What is Climate Change?
The evidence of climate change is overwhelming and scientists are clear that human activities are the cause.
What is Climate Change?
The earth's climate is changing. Globally, each of the last three decades has been the warmest on record and warming in the Arctic is occurring twice as fast as the rest of the world. The evidence of climate change is overwhelming and scientists are clear that human activities are the cause.
The Greenhouse Effect
- Solar energy from the sun passes through the Earth's atmosphere
- Some energy is reflected back into space
- The surface of the Earth is heated by the sun and radiates the heat back into space
- Greenhouse gases in the atmosphere trap some of the heat, warming the Earth
The earth is surrounded by a layer of naturally occurring gases known as its atmosphere, which includes water vapour, carbon dioxide, methane and nitrous oxide. These are commonly referred to as "greenhouse" gases because, like the walls of a greenhouse, they trap some of the heat from the sun and this warms the planet and makes it livable. Without these gases, the earth would be too cold to support life.
Over the past 150 years, humans have been releasing more and more greenhouse gases into the atmosphere, causing the blanket of greenhouse gases around the earth to thicken. This is preventing heat escaping into space and causing global temperatures to rise and climates around the world to change.
Global Greenhouse Gas Emissions
Globally, the three most common types of greenhouse gases (GHGs) that result from human activities are carbon dioxide, methane and nitrous oxide.1
Carbon Dioxide (CO2) - 76% of global GHG emissions
- Fossil Fuels - Whenever we burn fossil fuels (like coal, oil and gas) to create energy for our homes, business or vehicles, we send carbon dioxide into the atmosphere.
- Deforestation - Trees naturally store carbon dioxide. When we cut down trees to clear space for new buildings, or to create space for agriculture, we send carbon dioxide into the atmosphere.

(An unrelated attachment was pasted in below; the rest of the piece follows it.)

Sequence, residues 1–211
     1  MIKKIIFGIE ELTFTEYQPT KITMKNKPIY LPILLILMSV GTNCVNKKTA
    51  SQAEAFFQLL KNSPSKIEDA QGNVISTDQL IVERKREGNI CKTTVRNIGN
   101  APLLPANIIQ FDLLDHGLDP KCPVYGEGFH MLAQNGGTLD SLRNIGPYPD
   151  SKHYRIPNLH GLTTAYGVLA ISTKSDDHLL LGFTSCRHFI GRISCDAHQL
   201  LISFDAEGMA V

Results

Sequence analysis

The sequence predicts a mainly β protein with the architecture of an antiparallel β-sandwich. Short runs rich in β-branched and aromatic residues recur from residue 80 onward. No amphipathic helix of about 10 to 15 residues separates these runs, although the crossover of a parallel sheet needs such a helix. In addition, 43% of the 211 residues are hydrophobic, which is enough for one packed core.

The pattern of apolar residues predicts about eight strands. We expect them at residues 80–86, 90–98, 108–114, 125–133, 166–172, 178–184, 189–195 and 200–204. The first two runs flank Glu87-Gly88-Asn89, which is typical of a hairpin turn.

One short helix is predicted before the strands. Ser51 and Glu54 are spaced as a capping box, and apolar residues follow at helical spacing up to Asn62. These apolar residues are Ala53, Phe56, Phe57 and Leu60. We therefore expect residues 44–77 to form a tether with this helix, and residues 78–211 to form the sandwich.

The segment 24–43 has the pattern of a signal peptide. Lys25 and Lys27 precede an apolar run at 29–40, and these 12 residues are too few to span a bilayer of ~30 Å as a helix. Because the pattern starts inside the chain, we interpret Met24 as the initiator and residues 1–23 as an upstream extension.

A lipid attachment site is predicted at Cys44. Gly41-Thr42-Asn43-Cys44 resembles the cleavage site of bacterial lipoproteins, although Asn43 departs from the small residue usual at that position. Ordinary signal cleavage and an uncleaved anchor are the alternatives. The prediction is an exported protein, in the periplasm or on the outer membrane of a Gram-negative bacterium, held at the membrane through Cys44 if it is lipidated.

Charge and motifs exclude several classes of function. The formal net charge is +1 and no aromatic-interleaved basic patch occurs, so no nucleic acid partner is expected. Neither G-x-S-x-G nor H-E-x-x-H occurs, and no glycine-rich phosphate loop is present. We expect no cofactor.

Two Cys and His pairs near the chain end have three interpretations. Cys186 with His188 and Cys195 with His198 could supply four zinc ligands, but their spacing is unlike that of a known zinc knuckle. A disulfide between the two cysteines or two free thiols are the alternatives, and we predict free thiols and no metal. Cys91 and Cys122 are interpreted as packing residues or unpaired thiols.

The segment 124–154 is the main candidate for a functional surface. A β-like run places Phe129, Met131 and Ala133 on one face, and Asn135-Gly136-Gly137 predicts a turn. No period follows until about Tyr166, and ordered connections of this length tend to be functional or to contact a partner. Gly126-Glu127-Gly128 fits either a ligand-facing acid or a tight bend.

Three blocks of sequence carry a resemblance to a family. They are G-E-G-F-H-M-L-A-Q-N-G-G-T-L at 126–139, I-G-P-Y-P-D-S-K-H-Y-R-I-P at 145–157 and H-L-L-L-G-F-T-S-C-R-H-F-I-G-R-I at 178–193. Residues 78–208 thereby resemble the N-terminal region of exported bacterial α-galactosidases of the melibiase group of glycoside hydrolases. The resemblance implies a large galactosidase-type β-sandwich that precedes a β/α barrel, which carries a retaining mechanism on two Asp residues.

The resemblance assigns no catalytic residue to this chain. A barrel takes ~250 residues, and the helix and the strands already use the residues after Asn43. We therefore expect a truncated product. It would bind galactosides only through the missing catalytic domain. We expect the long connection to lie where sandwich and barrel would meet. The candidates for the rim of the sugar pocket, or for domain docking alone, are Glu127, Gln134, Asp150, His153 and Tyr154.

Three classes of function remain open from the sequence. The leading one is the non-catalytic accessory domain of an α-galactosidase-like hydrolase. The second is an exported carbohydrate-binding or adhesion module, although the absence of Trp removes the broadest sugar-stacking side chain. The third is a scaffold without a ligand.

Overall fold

Methane (CH4) - 16% of global GHG emissions
- Waste - Humans create a lot of waste. Over 30% of this waste is organic material, like food scraps. When buried organic material decays in a landfill, it releases methane.
- Livestock - Animals are reared to create food for humans. Cows, sheep, goats and other animals create methane as part of their normal digestive process. As a result, livestock is the main source of human-caused methane emissions worldwide.
Nitrous Oxide - 6% of global GHG emissions
- Fertilizers - Farmers use fertilizers to provide nutrients to crops. Synthetic (i.e. man-made) fertilizers release nitrous oxide when they break down. Fertilizers that are used for agriculture are the main source of nitrous oxide emissions worldwide.
- Transportation - Nitrous oxide is produced as a byproduct when fuels are burned to power motor vehicles. The amount of nitrous oxide that's produced depends on the type of fuel and the vehicle's technology.
Find out more in GHG emissions in Newfoundland and Labrador.
To see how GHG emissions are driving global climate change compared to other factors (like the sun and volcanic activity), see this interactive data visualization prepared by Bloomberg using findings from NASA’s Goddard Institute for Space Studies.
So what does this mean for our planet?
The Intergovernmental Panel on Climate Change, is the global authority on climate change science. It has found that the planet has warmed by 0.85°C since 1900 and temperatures could rise by up to 4.8°C by the late 21st century if GHG emissions do not decline. Such increases in temperature could have a catastrophic impact on climates throughout the world.
Find out more about the impacts of climate change on Newfoundland and Labrador.